However, many have also raised the alarm over the potential impact on airport charges, which are determined every five years after taking into account airport investment.
Mr Walsh said the fault lay in part with the CAA, which “rewards the inefficient use of capital: the more it spends on capital projects, the cost of which can be passed on to airlines, the more it makes for its shareholders . . . By not regulating Heathrow firmly enough, the CAA is failing to protect the consumer.”
Heathrow rejected Mr Walsh’s criticisms, saying estimated costs of expansion had already been cut by £2.5bn after discussions with airlines and other stakeholders, and the government’s challenge to Heathrow was to keep charges “close to today’s levels”.
Andrew Haines, CAA chief executive, admitted that Heathrow’s expansion posed challenges for the regulator, but said plans were being put in place to ensure the investment did not lead to excessive charges.
The CAA had put forward proposals in December for a new approach to setting airport charges in light of Heathrow’s expansion. “The CAA has been crystal clear for a number of years that the economic regulation of this expansion cannot be treated as business as usual and, moreover, that Heathrow’s airline customers have a critical role to play in judging the efficiency of the scheme design, procurement and delivery,” he said.
Willie Walsh, CEO of IAG (with over half Heathrow’s slots) again says its expensive 3rd runway plans are “a ridiculous glory project”
Willie Walsh, the boss of British Airways’ parent company, IAG, has again lambasted Heathrow’s expansion plans as a “ridiculous glory project”. He said the £17.6bn plan to build the 3rd runway (just £200 million for the runway itself – not counting the M25 problem) could lead to a “completely unjustified” increase in airport charges, which airlines would have to charge to passengers, denting demand etc. IAG (which owns Iberia and Aer Lingus) have over 50% of Heathrow landing slots. IAG wants a 3rd runway, though it would increase its competition, but they want a cheap no-frills scheme – and have backed the £7 billion cheaper scheme promoted by Surinder Arora. The Heathrow scheme requires the demolition of the BA HQ at Waterside in Harmondsworth and IAG could end up effectively paying its own compensation through increased charges levied by Heathrow. Willie Walsh also said IAG’s new long-haul, low-cost brand Level might one day fly from Heathrow. At present, the subsidiary operates just two aircraft from its base in Barcelona. He hopes it will have 30 planes by 2022, and fly to destinations currently off the BA route map, like secondary cities in China.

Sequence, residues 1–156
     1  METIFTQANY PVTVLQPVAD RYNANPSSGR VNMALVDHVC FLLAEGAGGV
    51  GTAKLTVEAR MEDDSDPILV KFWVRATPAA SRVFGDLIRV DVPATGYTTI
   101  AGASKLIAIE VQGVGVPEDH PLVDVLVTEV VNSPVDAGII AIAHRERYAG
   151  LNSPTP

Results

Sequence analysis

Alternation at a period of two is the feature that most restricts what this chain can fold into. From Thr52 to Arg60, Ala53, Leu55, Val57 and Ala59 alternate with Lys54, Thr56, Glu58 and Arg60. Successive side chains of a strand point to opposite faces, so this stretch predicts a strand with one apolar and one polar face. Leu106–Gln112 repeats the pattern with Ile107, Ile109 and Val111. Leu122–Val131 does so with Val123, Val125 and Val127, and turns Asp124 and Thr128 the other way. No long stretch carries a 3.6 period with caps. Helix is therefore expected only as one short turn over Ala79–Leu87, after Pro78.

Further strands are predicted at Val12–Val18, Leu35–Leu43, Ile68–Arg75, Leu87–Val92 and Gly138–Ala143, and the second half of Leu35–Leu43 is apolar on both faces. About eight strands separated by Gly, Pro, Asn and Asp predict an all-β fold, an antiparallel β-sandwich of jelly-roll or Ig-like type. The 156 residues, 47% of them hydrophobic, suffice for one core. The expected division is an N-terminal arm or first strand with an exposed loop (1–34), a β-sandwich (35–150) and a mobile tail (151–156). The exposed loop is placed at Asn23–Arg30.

Willie Walsh and IAG: Work out cost of crossing M25 before Heathrow runway plan